Magazine article Editor & Publisher


Magazine article Editor & Publisher


Article excerpt


Former senator/publisher says profits can't drive the news

The sun is setting on the days of family-owned newspapers and radio and television stations. I wish that were not so. More and more people who make the decisions about the number of news personnel and other matters are business types, with limited experience, if any, on the news side. Most of these corporations are publicly held, and those in charge of these corporations understandably want to please the stockholders.

If the newspaper or television station is making a 15 percent profit, they want to boost it to 16 percent. I have sympathy for an appetite to make money but not for the all-consuming zeal that looks only at the short term. I once published small, weekly newspapers, 13 of them in four printing plants. I wanted my newspapers to make money or they would fold. I also knew that if those newspapers served their communities well, the communities would prosper, and in the long run, so would the newspapers. I can't prove that formula works, but my strong impression is that it does.

Pulitzer prizes are nice, but I sense they're not as important to most of today's CEOs as the profit margin, though they know that a good reputation adds to marketability. So news treatment by reporters, who are spread too thin, tends to be superficial. Personal scandals and controversies that would not have made the news 30 or 40 years ago often are the big news items. "It's what the public wants," we're told.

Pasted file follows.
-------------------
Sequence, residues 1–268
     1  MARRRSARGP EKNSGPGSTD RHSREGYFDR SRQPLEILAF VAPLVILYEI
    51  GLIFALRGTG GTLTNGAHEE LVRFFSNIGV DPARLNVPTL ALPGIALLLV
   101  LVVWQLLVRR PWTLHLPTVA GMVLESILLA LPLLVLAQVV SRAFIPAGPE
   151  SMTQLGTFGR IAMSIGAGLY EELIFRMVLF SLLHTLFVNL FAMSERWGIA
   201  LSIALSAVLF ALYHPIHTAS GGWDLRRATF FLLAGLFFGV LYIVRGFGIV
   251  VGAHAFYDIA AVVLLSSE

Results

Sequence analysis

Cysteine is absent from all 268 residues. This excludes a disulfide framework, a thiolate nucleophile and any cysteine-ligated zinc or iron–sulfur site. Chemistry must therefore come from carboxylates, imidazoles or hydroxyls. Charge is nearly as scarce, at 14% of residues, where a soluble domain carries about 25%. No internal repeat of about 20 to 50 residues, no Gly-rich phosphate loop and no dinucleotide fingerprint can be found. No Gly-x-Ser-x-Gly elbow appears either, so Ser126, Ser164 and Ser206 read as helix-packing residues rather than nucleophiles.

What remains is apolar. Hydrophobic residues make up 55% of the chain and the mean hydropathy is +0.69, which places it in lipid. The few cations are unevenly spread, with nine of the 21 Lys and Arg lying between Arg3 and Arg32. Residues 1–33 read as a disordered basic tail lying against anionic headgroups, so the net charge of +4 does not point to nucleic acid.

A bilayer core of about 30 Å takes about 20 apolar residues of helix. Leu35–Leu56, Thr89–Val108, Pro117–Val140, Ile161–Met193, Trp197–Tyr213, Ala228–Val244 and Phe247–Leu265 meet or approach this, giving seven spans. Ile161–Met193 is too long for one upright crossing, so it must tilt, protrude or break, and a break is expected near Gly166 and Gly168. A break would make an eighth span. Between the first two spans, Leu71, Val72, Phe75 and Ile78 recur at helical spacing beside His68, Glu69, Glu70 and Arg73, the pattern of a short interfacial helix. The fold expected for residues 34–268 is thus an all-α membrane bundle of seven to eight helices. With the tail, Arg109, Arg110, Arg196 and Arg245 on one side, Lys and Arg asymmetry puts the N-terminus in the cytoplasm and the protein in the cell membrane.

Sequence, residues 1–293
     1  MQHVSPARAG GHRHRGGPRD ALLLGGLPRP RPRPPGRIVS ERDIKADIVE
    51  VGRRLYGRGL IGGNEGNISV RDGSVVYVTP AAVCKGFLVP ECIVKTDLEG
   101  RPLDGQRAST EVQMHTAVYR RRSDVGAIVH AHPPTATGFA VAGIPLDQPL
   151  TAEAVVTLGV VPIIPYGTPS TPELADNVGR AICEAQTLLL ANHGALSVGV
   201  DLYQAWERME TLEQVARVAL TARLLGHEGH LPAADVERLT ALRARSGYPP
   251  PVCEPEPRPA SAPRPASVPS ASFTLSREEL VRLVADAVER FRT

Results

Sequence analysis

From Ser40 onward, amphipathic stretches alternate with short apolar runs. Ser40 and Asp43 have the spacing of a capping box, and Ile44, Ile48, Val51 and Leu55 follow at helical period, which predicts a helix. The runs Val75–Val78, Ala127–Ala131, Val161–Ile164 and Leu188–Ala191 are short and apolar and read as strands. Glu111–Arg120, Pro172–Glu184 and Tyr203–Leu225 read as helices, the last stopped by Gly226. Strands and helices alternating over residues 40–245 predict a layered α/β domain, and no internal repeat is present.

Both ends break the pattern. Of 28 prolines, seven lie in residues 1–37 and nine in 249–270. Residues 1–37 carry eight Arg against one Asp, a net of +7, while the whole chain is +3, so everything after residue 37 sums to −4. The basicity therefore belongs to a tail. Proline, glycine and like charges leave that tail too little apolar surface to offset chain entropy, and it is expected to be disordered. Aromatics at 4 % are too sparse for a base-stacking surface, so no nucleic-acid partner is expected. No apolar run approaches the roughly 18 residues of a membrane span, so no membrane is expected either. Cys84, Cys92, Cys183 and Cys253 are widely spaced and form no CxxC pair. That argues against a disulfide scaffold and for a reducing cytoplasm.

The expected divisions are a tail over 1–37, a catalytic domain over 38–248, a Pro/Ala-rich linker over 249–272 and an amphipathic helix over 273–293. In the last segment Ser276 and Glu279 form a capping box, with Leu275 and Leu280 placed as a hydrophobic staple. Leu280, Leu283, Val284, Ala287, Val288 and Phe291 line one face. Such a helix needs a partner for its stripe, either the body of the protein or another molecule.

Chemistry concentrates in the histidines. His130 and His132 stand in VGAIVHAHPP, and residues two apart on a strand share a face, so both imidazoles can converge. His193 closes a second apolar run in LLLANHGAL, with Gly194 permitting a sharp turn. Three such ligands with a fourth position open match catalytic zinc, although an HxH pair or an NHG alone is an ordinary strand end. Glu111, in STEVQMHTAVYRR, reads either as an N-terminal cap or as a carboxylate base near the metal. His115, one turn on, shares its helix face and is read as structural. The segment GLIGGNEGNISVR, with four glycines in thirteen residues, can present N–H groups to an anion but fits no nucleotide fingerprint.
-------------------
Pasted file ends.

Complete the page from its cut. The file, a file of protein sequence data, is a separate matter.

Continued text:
This excessive attention to the trivial, to the scintillating, is not good for the nation and is not responsible journalism.

The following incident illustrates the point so well. During my service in the state legislature, Paul Douglas, a great U.S. senator and my political mentor, called and asked me to introduce a resolution in the Illinois General Assembly urging the U.S. Congress to make the corn tassel the national flower. He would then introduce the measure in the Senate.

Because of my great admiration for him, I said yes. But as I reflected on it, I really did not want to do it. That night, I called the senator and asked, "Are you sure you want me to introduce a resolution on the corn tassel?" The professor-turned-senator laughed and responded with a lecture that taught me something about politics and journalism.

"Paul," he said, "if you want to stay in public office you have to get media attention. The substantial things you do generally will not get attention unless they are involved in a major controversy. …

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